For this solution to work, you need to have a good baseline backup of your database and any subsequently generated redo up to the point where the data file was created. If you have your current control file, you can restore and recover at the data file, tablespace, or database level. If you’re using a backup control file that has no information about the data file, you must restore and recover at the database level.

Starting with Oracle Database 10g, there is enough information in the redo stream for RMAN to automatically re-create a data file that was never backed up. It doesn’t matter whether the control file has a record of the data file.

Prior to Oracle Database10g, manual intervention from the DBA was required to recover a data file that had not been backed up yet. If Oracle identified that a data file was missing that had not been backed up, the recovery process would halt, and you would have to identify the missing data file and re-create it:
SQL> alter database create datafile '/u01/datafile/spd/test_tbs01.dbf'
as '/u01/datafile/spd/test_tbs01.dbf'size 10485760 reuse;

After re-creating the missing data file, you had to manually restart the recovery session. If you are using an old version of the Oracle database, see MOS note 1060605.6 for details on how to re-create a data file in this scenario.

In Oracle Database 10g and newer, this is no longer the case. RMAN automatically detects that there isn’t a backup of a data file being restored and re-creates the data file from information retrieved from the control file and/or redo information as part of the restore and recovery operations.

Using a Current Control File

In this example, we use the current control file and are recovering the test_tbs01.dbf datafile in the newly added tools tablespace.


$ rman target /

RMAN> startup mount;

RMAN> restore tablespace test_tbs;

You should see a message like the following in the output as RMAN re-creates the data file:
creating datafile file number=10 name=/u01/datafile/spd/test_tbs01.dbf

Now issue the recover command and open the database:
RMAN> recover tablespace test_tbs;

RMAN> alter database open;



Using a Backup Control File

This scenario is applicable anytime you use a backup control file to restore and recover a data file that has not yet been backed up. First, we restore a control file from a backup taken prior to when the data file was created:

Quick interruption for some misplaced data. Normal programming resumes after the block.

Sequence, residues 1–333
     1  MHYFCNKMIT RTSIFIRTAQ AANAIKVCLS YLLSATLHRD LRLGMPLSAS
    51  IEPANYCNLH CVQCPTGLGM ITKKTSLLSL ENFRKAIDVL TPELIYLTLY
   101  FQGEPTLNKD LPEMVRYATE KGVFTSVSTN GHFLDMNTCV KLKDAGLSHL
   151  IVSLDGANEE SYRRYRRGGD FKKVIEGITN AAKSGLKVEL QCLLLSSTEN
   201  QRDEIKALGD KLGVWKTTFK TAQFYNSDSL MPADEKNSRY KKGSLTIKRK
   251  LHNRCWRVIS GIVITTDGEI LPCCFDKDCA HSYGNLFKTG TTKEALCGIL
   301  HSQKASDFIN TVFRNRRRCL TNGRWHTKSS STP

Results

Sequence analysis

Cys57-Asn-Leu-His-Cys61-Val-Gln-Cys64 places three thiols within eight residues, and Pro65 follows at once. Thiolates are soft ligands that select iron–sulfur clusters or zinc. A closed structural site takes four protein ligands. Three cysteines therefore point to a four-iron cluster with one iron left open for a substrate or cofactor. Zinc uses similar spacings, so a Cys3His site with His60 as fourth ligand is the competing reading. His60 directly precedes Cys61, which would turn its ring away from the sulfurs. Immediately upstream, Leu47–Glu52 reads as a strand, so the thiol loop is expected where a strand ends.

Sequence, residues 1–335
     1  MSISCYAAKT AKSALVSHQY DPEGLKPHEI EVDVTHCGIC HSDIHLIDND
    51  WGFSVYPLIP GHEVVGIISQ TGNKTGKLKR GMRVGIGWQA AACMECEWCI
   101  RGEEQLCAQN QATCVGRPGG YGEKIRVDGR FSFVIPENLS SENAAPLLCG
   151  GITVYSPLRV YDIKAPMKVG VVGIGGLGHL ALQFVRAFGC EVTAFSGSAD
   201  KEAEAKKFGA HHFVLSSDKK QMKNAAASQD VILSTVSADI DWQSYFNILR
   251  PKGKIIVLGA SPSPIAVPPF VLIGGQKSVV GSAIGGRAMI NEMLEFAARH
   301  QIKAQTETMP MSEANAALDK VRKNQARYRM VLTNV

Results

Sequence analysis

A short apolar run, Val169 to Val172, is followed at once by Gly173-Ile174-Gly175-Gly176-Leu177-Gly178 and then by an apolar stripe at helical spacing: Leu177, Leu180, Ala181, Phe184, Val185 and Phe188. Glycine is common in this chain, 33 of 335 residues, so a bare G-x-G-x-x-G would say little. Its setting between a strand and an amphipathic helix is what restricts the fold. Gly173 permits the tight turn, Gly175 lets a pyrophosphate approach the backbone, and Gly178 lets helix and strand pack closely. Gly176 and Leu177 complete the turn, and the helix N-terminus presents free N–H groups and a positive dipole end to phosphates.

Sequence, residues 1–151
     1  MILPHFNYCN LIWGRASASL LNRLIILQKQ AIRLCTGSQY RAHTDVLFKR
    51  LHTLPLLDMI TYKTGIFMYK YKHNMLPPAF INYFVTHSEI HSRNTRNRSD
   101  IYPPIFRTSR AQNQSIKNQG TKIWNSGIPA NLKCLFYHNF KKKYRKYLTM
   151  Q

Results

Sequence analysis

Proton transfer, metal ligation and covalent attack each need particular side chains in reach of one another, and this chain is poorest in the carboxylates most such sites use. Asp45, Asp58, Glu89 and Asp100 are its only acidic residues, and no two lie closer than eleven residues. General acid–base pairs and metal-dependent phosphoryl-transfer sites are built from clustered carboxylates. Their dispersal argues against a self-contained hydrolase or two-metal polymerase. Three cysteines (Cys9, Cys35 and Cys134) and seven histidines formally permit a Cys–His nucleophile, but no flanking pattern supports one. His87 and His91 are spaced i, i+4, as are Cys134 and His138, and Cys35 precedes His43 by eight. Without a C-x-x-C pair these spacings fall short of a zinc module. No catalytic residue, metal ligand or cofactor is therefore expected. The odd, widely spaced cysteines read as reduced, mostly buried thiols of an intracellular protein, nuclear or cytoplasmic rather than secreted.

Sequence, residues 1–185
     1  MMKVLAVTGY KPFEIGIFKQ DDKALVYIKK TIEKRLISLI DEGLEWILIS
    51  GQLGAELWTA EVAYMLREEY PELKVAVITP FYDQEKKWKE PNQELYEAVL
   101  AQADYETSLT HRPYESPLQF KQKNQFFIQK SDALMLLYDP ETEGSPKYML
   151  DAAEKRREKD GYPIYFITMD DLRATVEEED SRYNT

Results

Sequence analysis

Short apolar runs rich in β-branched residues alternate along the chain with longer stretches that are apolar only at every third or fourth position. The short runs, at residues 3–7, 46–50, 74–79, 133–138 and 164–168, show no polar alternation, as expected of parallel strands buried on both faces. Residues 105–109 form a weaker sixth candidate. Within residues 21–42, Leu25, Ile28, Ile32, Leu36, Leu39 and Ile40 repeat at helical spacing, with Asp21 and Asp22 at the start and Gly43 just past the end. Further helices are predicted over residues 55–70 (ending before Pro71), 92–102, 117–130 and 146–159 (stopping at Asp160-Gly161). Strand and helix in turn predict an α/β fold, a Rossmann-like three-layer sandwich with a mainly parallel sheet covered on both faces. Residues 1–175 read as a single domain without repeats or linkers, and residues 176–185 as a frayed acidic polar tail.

$ rman target /

RMAN> startup nomount;

RMAN> restore controlfile from '/backup/bkp_ctl';

RMAN> alter database mount;

Now you can verify the control file has no record of the tablespace that was added after the backup was taken:
RMAN> report schema;

When the control file has no record of the data file, RMAN will throw an error if you attempt to recover at the tablespace or data file level. In this situation, you must use the restore database and recover database commands as follows:

RMAN> restore database;

RMAN> recover database;

Next, you should see quite a bit of RMAN output. Near the end of the output you should see a line similar to this indicating that the data file has been re-created:
creating datafile file number=10 name=/u01/datafile/spd/test_tbs01.dbf

Since you restored using a backup control file, you are required to open the database with the resetlogs command:

RMAN> alter database open resetlogs;






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This article describes the installation of Oracle Database 12c release 1(64 bit)  RAC on Linux (Oracle Linux 6.9 64-bit) using VirtualBox (5.1)
Introduction
System Requirements
Download Software
VirtualBox Installation
Virtual Machine Setup
Guest Operating System Installation
Check Internet Access
Oracle Installation Prerequisites
Automatic Setup
Manual Setup
Additional Setup
Install Guest Additions
Create Shared Disks
Clone the Virtual Machine
Install the Grid Infrastructure
Install the Database Software
Create a Database
Check the Status of the RAC

Introduction